On February 18th 1977 the first, and only, UK punk record ever recorded was released.
In the forty years since, not one single album has matched Damned Damned Damned for true shock value and ideological purity. Two months later The Clash released an album of angry protest songs and in the autumn of the same year, having spent time hiring, firing, touring, not touring, signing, resigning and being shocking on request, The Sex Pistols released their first album, full of studiously offensive garage rock songs.
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That’s not to say that these other albums are not considered punk or indeed iconic and brilliant, but merely that punk was ‘Do It Yourself’, no need to feel like you must save the world, no need to shock people into noticing you. The Damned were a band who released an album like no other: it was short – it came in at around 30 minutes; sharp – Brian James’ guitar work was unique and ground-breaking; and shocking – they only swore once, sang songs about anything at all (sometimes nothing at all) and didn’t seem very angry. Furthermore, they didn’t conform to what punks should look like, they had a rocker, an untidy hooligan, a vampire and a nurse and worse still they seemed to enjoy what they were doing.
The album itself is woefully overlooked, for sheer impact and shock it still holds its own nowadays but imagine Britain in 1977. Just ten years prior it was illegal to be a practising homosexual, you weren’t allowed to swear on TV and in both 1976 and ’77 the highest selling songs of those years were by Eurovision song contest winners; these were dark (and very boring) days. People feared the new ideas and attitudes coming out of youth culture and responded aggressively. It was not uncommon that by being identified as a ‘punk’ you were misunderstood, vilified and even attacked for being part of an alternative culture. Into this environment was born the product of four misfits who didn’t even fit in with the other misfits (they were kicked off the Sex Pistols’ Anarchy tour), made no apologies, had no agenda and very few champions.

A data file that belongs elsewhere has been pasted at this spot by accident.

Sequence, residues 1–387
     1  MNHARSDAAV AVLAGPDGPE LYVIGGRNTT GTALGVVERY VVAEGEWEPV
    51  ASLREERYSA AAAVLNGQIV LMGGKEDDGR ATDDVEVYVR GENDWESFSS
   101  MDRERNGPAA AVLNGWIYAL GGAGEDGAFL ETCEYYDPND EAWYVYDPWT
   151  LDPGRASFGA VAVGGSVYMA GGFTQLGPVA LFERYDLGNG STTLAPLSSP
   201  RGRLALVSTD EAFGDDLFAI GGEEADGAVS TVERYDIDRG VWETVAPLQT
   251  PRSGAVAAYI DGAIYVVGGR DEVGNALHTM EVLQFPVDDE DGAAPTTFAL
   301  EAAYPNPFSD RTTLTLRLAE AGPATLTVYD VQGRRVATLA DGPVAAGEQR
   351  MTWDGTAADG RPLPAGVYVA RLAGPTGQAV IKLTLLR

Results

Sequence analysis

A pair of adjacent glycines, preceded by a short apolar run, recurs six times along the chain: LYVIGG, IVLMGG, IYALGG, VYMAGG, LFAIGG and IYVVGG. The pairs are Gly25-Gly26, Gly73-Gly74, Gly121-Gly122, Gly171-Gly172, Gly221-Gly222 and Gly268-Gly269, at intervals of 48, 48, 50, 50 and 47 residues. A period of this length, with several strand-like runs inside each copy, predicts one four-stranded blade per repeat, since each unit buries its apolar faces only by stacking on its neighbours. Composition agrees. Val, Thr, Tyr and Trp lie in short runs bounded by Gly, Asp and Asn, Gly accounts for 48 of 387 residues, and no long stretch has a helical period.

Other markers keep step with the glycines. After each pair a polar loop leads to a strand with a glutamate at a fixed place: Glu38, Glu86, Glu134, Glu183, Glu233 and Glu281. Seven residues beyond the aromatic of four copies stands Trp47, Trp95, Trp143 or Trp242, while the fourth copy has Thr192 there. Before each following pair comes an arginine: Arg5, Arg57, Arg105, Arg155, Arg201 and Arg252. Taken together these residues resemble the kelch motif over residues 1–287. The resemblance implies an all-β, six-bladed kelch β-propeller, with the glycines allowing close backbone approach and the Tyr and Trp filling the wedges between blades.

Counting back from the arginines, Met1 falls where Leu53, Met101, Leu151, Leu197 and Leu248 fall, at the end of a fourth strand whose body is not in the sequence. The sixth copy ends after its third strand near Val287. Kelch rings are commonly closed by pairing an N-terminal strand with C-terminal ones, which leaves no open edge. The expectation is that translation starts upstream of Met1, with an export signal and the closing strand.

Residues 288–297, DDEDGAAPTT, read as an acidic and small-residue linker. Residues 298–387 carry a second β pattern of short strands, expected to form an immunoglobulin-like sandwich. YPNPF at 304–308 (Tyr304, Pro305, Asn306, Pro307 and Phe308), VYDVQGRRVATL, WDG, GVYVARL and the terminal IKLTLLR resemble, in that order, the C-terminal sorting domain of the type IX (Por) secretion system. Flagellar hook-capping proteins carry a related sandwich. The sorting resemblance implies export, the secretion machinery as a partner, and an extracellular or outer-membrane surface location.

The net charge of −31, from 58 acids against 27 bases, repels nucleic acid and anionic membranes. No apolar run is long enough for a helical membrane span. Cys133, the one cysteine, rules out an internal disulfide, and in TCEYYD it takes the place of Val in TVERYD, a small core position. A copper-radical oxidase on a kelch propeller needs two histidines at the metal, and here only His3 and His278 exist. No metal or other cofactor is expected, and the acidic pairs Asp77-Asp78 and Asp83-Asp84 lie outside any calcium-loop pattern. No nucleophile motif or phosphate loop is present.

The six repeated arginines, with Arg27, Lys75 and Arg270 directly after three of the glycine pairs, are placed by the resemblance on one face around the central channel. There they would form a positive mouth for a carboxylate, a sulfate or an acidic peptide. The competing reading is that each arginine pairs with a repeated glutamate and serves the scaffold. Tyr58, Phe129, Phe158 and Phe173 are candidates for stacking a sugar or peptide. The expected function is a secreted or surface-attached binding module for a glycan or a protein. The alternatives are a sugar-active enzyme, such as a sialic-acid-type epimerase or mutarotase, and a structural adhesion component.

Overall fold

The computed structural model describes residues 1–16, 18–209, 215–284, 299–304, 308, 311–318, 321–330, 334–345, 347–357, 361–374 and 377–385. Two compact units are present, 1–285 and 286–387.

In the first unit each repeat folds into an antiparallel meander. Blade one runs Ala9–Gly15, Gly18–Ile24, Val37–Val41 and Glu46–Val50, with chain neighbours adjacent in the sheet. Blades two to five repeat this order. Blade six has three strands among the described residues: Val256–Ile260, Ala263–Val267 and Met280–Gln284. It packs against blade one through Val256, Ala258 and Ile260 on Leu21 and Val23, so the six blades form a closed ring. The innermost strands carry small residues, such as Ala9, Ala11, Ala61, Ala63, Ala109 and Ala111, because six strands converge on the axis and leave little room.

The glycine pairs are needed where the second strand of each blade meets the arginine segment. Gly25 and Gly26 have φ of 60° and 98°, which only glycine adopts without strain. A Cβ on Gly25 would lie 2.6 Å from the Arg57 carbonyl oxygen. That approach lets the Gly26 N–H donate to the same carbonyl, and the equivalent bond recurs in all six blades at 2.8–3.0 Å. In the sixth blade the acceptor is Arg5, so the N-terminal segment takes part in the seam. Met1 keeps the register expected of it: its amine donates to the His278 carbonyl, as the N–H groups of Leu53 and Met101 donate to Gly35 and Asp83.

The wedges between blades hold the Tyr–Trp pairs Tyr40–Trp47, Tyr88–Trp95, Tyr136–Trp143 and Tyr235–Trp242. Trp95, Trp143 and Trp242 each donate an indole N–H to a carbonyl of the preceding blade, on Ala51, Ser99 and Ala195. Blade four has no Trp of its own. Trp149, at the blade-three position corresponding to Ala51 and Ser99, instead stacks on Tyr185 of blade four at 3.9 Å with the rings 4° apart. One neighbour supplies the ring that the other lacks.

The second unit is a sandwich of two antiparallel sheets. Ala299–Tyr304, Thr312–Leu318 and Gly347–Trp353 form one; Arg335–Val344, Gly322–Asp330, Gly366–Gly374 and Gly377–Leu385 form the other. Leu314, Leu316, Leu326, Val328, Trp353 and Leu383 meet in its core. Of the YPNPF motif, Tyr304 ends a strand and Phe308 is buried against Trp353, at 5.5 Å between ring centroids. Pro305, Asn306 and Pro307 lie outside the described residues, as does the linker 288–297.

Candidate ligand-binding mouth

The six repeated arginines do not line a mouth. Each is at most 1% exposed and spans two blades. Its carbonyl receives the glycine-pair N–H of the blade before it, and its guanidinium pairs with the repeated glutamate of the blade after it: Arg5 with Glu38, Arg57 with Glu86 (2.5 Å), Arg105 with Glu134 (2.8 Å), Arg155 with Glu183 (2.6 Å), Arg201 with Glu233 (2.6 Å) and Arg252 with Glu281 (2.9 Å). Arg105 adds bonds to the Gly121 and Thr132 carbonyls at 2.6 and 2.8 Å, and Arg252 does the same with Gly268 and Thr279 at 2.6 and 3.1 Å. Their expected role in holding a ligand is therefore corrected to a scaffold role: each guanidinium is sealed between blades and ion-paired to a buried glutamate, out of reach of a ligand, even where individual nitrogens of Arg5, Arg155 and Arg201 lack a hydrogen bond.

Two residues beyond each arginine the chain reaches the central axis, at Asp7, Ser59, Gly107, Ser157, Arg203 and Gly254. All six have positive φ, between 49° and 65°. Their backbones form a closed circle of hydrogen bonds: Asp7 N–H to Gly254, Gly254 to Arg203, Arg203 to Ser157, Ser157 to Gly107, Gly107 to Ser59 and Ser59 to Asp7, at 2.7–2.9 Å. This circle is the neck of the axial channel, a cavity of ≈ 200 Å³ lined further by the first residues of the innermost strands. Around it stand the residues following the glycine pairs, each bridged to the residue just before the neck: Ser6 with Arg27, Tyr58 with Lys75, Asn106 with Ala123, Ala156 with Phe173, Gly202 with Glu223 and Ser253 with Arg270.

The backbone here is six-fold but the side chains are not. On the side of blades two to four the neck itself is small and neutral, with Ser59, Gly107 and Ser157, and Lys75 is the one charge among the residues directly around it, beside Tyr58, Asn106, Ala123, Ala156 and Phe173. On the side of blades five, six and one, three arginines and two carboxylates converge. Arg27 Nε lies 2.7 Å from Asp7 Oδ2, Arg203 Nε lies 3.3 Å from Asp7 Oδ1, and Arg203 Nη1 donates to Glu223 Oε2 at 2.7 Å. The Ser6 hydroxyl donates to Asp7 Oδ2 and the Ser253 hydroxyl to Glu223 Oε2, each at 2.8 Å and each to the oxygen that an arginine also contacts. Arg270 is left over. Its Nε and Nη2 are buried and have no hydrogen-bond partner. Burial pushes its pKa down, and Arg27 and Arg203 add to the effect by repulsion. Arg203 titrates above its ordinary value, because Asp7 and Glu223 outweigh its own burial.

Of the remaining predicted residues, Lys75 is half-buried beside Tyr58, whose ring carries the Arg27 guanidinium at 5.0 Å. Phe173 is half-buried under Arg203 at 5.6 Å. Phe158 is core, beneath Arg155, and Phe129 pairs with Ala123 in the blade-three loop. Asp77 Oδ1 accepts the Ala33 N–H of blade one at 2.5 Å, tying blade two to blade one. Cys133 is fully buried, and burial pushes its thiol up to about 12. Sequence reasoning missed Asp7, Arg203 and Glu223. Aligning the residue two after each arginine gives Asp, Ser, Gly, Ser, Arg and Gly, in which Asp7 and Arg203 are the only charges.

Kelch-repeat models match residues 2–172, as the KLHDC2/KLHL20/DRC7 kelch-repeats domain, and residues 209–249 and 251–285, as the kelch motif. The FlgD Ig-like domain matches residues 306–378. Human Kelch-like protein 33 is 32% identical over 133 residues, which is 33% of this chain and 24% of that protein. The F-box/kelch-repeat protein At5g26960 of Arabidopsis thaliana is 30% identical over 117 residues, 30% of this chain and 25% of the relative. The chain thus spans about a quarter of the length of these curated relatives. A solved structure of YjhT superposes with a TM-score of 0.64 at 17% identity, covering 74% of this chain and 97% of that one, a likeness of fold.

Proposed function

There is a searing sharpness to the guitar sound and a ubiquitous clash of cymbals which puts you slightly on edge, the two instruments playing off each other while the bass adds balls into the mix; it’s not an album to relax with your feet up to. Captain Sensible plays bass like he would rather be playing guitar and Dave Vanian’s vocal style is not the croon it became, while still not the nasal whine or screech of a lot of the anti-vocalists of the time; it carried a snarling menace and delivered the lyrics with the wit and mischief required.
Three songs on the album come in under 2 minutes. In fact, the track ‘Fish’ manages to squeeze 3 verses, 3 choruses and a guitar solo into 1:38, an impressive feat. The inclusion of guitar solos was another two fingers up to the punk establishment that said you should hate hippies, shun guitar solos and demean The Beatles (sadly the band’s homage to The Beatles, their cover of ‘Help’ only made it onto the first single, not the album). There are a couple of slower tracks too, ‘Feel The Pain’ being a tortured electric guitar ballad about addiction and ‘Fan Club’ bemoaning the fan/artist relationship, with the fans “waiting for an autograph, well you must be mad” while the artist suffers not much better – “you send me pretty flowers while I’m slashing my wrists”. Add in the bombastic splendour of ‘New Rose’, a track covered by Guns and Roses, and the explosive bass of ‘Neat, Neat, Neat’ (which Lemmy liked so much Motorhead often covered it live) and you have a classic album.
There is an intelligence in the words, aggression in the melodies and a weird mix of joy, mischief and unrest in the delivery. The Damned made ‘Damned Damned Damned’ because they were determined to do their own thing. They didn’t label themselves as punk, but true to the punk ideal they did what they wanted to in their own way and mostly on their own. No help, no gimmicks, no fancy publicity stunts, no media coverage. That’s why it’s the only true punk album. Disagree? Then send your complaint to email@example.com